we were to leave him alone. Comes and goes as he pleases. Disappears for a while, then pops up again. A soothsayer, they call him, though he doesn't say much. As strange as they come, but harmless as far as I can tell.'

'Is he Massilian?'

'Could be. Or could be a Gaul. Or a Roman, for all I know; speaks Latin. He certainly knows a thing or two about local matters, as you've just seen demonstrated. What's that he called the lump on the pedestal?' The soldier tried to duplicate the word without success. 'Anyway, why don't you and your son-in-law step out of the temple. It's getting so you can't see your hand in front of your face in here.'

We followed the soldiers onto the porch and descended the steps. The soothsayer stood outside the gate, where there were now five horses tied to the pylons.

'So, Gordianus of Rome, what's your business in being here?' asked the soldier.

'My immediate business is to find a way out of this valley.' He laughed. 'Easy enough. Marcus and I will escort you out. In fact, we'll escort you all the way to my commander's tent. You being on a first-name basis with `Gaius Julius,' maybe you'll feel more comfortable explaining yourself to an officer.' He looked at me sidelong. 'Whoever you are, I don't mind saying I'm glad you turned up today. It's slow out here, so far away from the action. You two are the first visitors we've had to the temple. Are you sure you're not looters? Or spies? Only joking!' We readied our horses. The soldiers did likewise. The soothsayer conferred with them for a moment. The soldier called to us over his shoulder. 'Rabidus says he wants to ride alongside us for a while. You don't mind, do you?'

I watched the cowled figure mount his swayback nag and shrugged.

The soldiers led the way to a narrow cleft in the stone wall. The opening was impossible to see unless viewed straight on. I doubted that Davus and I would ever have found it by ourselves, even in broad daylight. A rocky path led between sheer limestone walls so close l could have touched both sides with outstretched arms. The passage was deep in shadow, almost as dim as the interior of the temple. My horse began to jerk in protest at being ridden over rough, unfamiliar ground in near darkness. At last a vertical slash of pale light appeared ahead of us. The path descended, dropping like a staircase.

We emerged from the fissure as abruptly as we had entered it. Behind us rose a sheer cliff of limestone. Before us was a dense forest, brooding and dark.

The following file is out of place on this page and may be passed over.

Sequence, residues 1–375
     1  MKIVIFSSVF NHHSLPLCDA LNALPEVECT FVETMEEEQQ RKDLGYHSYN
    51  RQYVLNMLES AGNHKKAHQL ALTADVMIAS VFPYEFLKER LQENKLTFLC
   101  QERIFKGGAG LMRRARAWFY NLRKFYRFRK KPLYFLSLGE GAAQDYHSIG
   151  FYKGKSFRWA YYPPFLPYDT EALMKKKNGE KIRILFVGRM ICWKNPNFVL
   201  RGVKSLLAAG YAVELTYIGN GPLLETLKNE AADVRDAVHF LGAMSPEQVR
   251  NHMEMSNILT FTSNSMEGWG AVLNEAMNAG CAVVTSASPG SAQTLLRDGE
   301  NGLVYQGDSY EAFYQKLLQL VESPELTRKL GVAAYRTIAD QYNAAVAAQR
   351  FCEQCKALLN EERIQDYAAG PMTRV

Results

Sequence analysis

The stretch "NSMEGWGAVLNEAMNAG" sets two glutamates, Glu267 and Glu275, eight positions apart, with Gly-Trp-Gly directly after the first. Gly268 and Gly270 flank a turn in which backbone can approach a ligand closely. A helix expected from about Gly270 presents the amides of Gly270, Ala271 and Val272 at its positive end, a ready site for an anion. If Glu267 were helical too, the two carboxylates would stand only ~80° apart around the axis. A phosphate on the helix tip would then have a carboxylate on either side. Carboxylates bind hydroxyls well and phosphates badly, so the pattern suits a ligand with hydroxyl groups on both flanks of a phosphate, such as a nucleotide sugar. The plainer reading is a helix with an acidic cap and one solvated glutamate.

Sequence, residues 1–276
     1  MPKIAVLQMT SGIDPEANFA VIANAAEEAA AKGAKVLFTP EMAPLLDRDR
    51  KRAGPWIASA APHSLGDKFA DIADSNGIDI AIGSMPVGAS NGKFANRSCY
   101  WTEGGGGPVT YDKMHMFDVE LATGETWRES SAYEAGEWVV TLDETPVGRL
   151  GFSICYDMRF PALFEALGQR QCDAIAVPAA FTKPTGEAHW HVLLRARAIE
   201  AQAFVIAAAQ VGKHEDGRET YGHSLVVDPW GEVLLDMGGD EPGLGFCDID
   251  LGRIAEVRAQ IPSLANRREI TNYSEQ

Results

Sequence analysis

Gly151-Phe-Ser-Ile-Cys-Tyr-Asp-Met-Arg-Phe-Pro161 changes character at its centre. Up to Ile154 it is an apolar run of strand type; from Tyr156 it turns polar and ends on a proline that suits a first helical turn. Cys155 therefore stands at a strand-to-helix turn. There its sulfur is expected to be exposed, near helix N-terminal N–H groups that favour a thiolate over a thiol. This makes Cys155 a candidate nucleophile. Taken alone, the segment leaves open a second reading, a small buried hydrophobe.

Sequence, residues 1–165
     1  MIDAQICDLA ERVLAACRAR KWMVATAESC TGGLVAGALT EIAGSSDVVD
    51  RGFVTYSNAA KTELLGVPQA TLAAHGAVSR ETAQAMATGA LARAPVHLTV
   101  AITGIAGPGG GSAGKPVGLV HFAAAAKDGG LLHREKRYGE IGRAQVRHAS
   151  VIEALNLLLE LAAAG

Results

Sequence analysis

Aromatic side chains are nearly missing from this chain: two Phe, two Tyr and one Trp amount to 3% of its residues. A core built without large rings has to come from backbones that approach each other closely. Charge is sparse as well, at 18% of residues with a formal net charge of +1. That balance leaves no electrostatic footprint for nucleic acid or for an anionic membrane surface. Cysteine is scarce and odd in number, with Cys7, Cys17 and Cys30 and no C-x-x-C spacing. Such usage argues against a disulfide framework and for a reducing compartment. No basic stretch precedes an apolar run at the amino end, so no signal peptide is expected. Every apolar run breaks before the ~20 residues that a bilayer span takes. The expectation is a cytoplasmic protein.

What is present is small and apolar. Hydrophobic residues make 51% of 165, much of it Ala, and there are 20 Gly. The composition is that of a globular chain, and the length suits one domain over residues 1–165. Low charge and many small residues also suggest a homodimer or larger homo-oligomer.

'How can we ride through that wilderness at night?' I asked Davus in a hushed voice. 'These woods must go on for miles!' A voice startled me. It was the soothsayer. I had thought he was ahead with the soldiers, but suddenly he was alongside me. 'Nothing in this place is what it appears to be,' he whispered hoarsely. 'Nothing!'

Before I could answer, the soldiers doubled back, edging out the soothsayer and hemming Davus and me in on either side like sheep to be herded. Did they really think we might try to escape into that deep, dark wood?

But the forest was not as vast as it appeared to be. We rode through the enveloping gloom for only a moment, then suddenly emerged into a vast clearing. The last glow of twilight illuminated a landscape of endless tree stumps. The forest had been razed.

The soldier saw my confusion and laughed. 'Caesar's doing!' he said. 'When the Massilians refused to open their gates to him, he took one look at those thick city walls and decided an attack by sea might be advisable. Only problem: no ships! So Caesar decided to build a navy overnight. But to build ships you need big trees-cypresses, ash trees, oaks. Not many such trees in this rocky land; that's why the Massilians declared this forest sacred and never touched it, not for all the hundreds of years they've been here. Gods lived in this wood, so they said, gods who'd been here since long before the Massilians came, gods so old and hidden in the gloom that even the Gauls had no names for them. The place was rank and wild, powdery beneath your feet from so much rotted heartwood over the years, with cobwebs the size of houses up in the branches. The Massilians built altars, sacrificed sheep and goats to the unknown gods of the forest. They never touched the trees for fear of some horrible, divine retribution.